The ancient Roman lighthouse of the port on the Adriatic that became a sacred building at the dawn of Christianity
❝The Basilica of Santa Maria Assunta is in the urban part of the city of Adria, which lent its name to the Adriatic Sea because of the rich mercantile traffic there had been since prehistoric times. The church is called "della Tomba" (of the tomb), and tradition has it that it gets its name from an ancient Roman cemetery. Today the sacred building embodies the noble origins of a lively river village, built near the ancient Roman lighthouse on the Adriatic.❞
The primitive Basilica of the Tomb, which dates back to the first centuries of the Christian era, is built on the remains of a pre-existing building linked to paganism, near to what archaeologists identified as the ancient river port of Adria. Its name derives from the discovery made here of the tomb of a famous Roman figure, Quinto Tizio Sertoriano, whose tombstone is now set in the bell tower. According to another hypothesis, the name is linked to the elevated area (ad tumulum) as compared to the areas surrounding the church.
The current Venetian-style bell tower, designed by the architect Giambattista Scarpari, was inaugurated in 1931 and stands on the site of the previous 14th century bell tower. This medieval structure was, in fact, a lookout and command tower built, in turn, on the trunk of what tradition has was “the ancient Roman lighthouse” of the Adriatic. A plaque in Latin on the south wall of the plinth recalls the origin of the structure: “That which I once was - tower - and I guided the course of ships - I am still today - tower - rebuilt in 1931 - and with my guidance I indicate the Heavens to men - and with my voice I call those who must go to the Temple.”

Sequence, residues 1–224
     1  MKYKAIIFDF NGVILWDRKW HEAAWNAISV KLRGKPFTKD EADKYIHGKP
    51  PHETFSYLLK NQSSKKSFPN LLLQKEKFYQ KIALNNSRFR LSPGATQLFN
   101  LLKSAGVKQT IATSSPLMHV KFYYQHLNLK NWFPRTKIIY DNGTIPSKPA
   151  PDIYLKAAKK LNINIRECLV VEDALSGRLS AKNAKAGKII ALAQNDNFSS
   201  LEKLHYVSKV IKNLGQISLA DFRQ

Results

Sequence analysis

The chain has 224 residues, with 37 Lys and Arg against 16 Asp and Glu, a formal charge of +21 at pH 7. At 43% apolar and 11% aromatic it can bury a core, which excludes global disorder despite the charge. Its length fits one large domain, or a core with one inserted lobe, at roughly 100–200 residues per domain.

In order to understand the historical importance of river navigation for Adria it was quite significant to discover the famous tombstone dated the 1st century AD and relating to the "Collegium nautarum" - the college of sailors, a sort of guild of sailors.
The interior of the basilica contains some valuable works of art: a baptistery dated 1472, consisting of an octagonal basin that incorporates a precious marble basin from the Roman era, and a 15th century fresco depicting Mary of the Graces (Maria delle Grazie) while nursing the Child, known as the Nursing Madonna (Madonna del Latte). Then, within a recess at the base of the bell tower is a refined 15th century terracotta representing the Dormitio Virginis. The current appearance of the Basilica is the result of various renovations and interventions made over the centuries, especially during the 18th century and the first half of the 20th century.
By train: the basilica is situated about 1,5 km from Adria station (railway lines Verona-Rovigo-Chioggia and Adria-Mestre-Venezia), with good cycle-rail interchange facilities.
By car: from the highway exit of Boara-Rovigo Nord (Autostrada A13) go on along Via dell'Artigianato and Via dello Sport to SP1 in Boara Pisani, then take the road Tangenziale Est/SS16 and SR443 to reach the city of Adria.
From SS309 Romea, follow the signs to Adria, turning into SP45 coming from Venice or SP46 coming from Ravenna.
Where to eat:
we suggest pizzeria Tablà - Farine Antiche per Pizze Moderne (Via Leonardo da Vinci 45, Adria; tel. 0426 23770) and Ristorante Gastronomia Le Quattro Stagioni.
Where to stay:
we recommend Hotel Leon Bianco and Albergo Minuetto e B&B La Mansarda.
Tours and bike & boat rental:
for bike and horse trips and boat tours please refer to the website of Parco Delta del Po.
Discovering the ancient Roman "piscinae piscariae" among lagoons and casoni in the Delta
Immersed among liquid memories and mysterious legends: the oasis of nature that evokes Greek mythology
From an ancient Roman river port, to the trading crossroads along the "liquid roads" of the Serenissima
The history of a river village and its inhabitants told through the uncertain and changing current